London postal workers are campaigning against the closure of two mail centres and a giant delivery office.
At stake is the future of a decent public service in the capital and the jobs of thousands of workers.
The CWU union’s London divisional committee says, “Royal Mail’s decision to sell Rathbone Place delivery centre, sell Nine Elms mail centre and to close East London mail centre should have surprised nobody.
“Their review into London mail centres has been a sham from the start. This had nothing to do with improving customer service, increasing productivity or protecting Royal Mail workers from compulsory redundancies.
“This review has always been about raising as much cash as possible.”
The CWU is determined to campaign against a move that will lead to jobs going, including compulsory redundancies—though bosses deny this.
East London workers plan a mass meeting this month to decide how best to challenge management’s plans.
They are angry at the way they have been treated—and ready to fight to defend jobs and the service.
In mid-September, without any notice to the union reps, management in East London called together groups of between eight and 15 workers and briefed them that the mail centre would close.
East London’s work, said bosses, would be transferred to Romford and Mount Pleasant.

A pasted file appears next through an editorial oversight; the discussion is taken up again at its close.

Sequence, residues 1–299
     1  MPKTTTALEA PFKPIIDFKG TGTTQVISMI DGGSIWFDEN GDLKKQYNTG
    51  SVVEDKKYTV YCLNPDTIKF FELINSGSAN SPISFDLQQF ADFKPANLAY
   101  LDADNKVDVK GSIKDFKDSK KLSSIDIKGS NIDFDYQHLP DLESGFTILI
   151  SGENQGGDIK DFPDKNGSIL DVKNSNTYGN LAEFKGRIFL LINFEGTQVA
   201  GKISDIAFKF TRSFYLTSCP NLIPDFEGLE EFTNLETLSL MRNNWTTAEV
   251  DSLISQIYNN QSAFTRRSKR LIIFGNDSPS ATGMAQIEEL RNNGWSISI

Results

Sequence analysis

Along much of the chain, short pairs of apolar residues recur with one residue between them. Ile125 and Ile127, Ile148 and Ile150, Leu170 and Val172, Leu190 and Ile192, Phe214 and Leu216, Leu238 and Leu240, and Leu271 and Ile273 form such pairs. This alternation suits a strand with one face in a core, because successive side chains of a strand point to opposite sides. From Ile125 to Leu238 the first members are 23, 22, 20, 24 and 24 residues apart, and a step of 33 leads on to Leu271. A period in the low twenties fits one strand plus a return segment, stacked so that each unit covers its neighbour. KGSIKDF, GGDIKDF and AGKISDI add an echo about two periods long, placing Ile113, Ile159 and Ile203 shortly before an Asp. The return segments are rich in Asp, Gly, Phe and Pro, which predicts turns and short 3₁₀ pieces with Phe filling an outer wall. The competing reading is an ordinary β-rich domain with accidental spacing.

CWU reps asked for the right to address their members in work time, but this was refused.
A week later management held a series of slide show presentations designed to win workers to the “logic” of closing the centre.
But people pointed out that the figures on the slides showed that East London met Royal Mail’s criteria for it to stay open.
For many, this confirmed their view that the closure was motivated by spite and a determination to destroy a well-organised union branch.
A rep at the mail centre told Socialist Worker, “At first the reaction to the closure announcement was shock and paralysis. But now the feeling is for resistance.”
Royal Mail’s decision to close East London makes no financial sense as the lease does not expire until 2022 and is fully paid up until then.
This means that Royal Mail will have to pay the costs of the site for another 12 years.
East London’s mail centre serves Canary Wharf and the expanding Thames Gateway. According to the plans, the 2012 Olympics will produce some 26,000 new delivery points.
The environmental cost of the closure will be huge—all present work will have to be driven to Romford along the A12 or A127.
“The social impact will also be massive,” said East London CWU processing rep Angie Mulcahy. “We are proud that we have a very diverse workforce. Many work part-time.
“They may be offered transfers—but only to work on the other side of London. They earn so little money that it will hardly be worth their while doing the job.
“And the service will collapse. The combination of shutting the three offices will mean that a letter posted in a London postal district may well take two days to be delivered in that same district.”
Another East London worker said, “We are not going to meekly walk away.
“I think our mass meeting will have to start building for strikes—I hope across the whole of London.”